The resulting “image”, while not good for fine detail, enabled the subjects to navigate around buildings.

    Sounds similar to Realyst’s comment above, only for reals!

  14. Old stuff – my Ma had eyes in the back of her head, and she always said “Knock it off!” without turning her head when I was lookout for us boys – I swear she could tell if someone was watching her from beyond her peripheral vision. Couldn’t hide a thing from her.

  15. #11 posted by David Pescovitz , September 11, 2008 2:59 PM

    As opposed to countries where so-called scientists believe the bible’s claims?

    Point taken; I shouldn’t pick on Tel Aviv scientists just because that’s where Uri Geller is from, even if the country is basically a theocracy. But I stand by the statement that scientists should verify that a phenomenon actually exists before spending millions trying to figure out how it works.

    That’s also why I think people are wasting their time trying to “study” UFO engineering and bigfoot biology.

  16. #23! So can I! I worked in a library for about a year behind the circulation desk and my co-workers (and regular patrons) all thought I was crazy for being able to feel the barcode scanner whenever I waved my arm or hand underneath it!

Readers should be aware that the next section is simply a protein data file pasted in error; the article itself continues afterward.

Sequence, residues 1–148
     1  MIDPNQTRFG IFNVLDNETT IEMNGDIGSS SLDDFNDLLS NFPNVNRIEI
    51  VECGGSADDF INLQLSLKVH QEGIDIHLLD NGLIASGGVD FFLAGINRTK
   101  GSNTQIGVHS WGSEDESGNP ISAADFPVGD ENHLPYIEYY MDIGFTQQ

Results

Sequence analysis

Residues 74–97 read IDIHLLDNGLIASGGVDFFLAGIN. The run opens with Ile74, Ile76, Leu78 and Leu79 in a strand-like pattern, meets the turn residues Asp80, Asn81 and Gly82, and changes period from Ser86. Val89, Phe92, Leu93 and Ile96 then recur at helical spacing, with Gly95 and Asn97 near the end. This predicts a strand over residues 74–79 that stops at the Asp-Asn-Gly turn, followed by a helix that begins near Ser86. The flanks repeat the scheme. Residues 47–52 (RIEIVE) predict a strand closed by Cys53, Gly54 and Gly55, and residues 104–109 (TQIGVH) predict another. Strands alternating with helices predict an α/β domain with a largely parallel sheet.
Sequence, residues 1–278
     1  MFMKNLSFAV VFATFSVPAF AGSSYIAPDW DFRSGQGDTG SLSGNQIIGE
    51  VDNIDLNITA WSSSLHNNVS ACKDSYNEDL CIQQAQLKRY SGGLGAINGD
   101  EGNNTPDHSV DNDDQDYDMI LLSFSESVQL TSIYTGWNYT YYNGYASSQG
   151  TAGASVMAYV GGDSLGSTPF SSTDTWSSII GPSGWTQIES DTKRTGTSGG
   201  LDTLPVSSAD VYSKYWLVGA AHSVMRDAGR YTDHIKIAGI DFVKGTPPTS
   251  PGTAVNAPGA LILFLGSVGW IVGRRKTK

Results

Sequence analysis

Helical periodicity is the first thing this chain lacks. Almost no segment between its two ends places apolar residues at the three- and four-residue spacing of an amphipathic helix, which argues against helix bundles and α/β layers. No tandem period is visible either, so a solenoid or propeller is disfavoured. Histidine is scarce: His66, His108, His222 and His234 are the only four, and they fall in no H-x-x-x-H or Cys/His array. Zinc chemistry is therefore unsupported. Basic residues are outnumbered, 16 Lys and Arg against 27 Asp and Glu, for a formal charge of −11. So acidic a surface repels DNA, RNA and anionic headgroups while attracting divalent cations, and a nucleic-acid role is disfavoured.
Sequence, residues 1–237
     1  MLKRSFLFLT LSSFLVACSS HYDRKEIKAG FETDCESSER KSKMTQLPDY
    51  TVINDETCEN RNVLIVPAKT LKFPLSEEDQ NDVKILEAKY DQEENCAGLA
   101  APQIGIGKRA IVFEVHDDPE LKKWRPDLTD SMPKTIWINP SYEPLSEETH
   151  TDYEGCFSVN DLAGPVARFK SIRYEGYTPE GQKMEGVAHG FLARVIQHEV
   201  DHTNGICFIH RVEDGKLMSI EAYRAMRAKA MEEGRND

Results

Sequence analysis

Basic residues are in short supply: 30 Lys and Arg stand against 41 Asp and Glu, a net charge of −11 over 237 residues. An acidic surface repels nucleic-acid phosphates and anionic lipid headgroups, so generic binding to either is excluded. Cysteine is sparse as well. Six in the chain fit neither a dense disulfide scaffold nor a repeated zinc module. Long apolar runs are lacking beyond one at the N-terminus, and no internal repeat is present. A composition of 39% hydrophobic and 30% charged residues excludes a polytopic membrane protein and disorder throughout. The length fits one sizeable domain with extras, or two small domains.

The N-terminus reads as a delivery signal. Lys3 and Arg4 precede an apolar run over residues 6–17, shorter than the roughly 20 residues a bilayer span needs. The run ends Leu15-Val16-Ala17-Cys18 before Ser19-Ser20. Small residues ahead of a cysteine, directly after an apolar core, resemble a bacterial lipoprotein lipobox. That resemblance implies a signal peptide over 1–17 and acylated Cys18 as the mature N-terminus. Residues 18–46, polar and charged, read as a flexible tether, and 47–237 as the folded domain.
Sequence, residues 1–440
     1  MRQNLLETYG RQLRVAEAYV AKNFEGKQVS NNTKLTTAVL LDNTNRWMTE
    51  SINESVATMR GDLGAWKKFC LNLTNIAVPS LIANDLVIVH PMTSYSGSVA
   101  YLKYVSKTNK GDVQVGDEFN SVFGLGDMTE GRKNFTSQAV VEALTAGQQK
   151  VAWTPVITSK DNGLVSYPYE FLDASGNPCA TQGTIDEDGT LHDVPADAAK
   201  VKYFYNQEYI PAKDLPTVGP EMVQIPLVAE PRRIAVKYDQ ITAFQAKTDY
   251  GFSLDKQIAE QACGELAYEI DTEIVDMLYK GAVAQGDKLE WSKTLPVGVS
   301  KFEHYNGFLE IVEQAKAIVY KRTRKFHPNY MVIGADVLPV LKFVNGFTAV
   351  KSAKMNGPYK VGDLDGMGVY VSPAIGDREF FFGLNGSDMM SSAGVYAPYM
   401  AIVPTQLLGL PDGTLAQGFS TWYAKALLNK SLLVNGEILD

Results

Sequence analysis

17. Back in the mid-sixties some Russian researchers were claiming they had experimental evidence for “dermo-optical perception” which involved some apparent optical sensors (not just perception of heat aka IR) in the skin. However, their experimental results could not be repeated in a scientific setting and interest faded.

  18. Oops, that was video 2 of 5, sorry, look in the Related Links to start with the first video. It’s not skin vision, but it is fascinating. They take him to a lab (UCLA?) and do a bunch of tests to see how accurately he can identify things. Very impressive stuff.

  19. Despite reading through the entire article, I still have no idea how Prof Yaroslavsky’s new device is supposed to work. Is he talking about light sensors being installed everywhere without lenses in front of them? That’s hardly revolutionary.

    When I read the article, I imagined a camera, hooked up to a device strapped to your back that forms raised images against your skin. The blind can see again. The sighted can have a 3rd (4th, 5th) eyes. All around vision. Never have anyone creep up on you again.

    It need not be limited to sight. An artificial cochlea strapped to your arm causes sensation different parts of your skin, depending on the frequency of the sound input. You could listen to mp3 all day without earphone cables dangling out of your ears. It’ll be great for handphones too.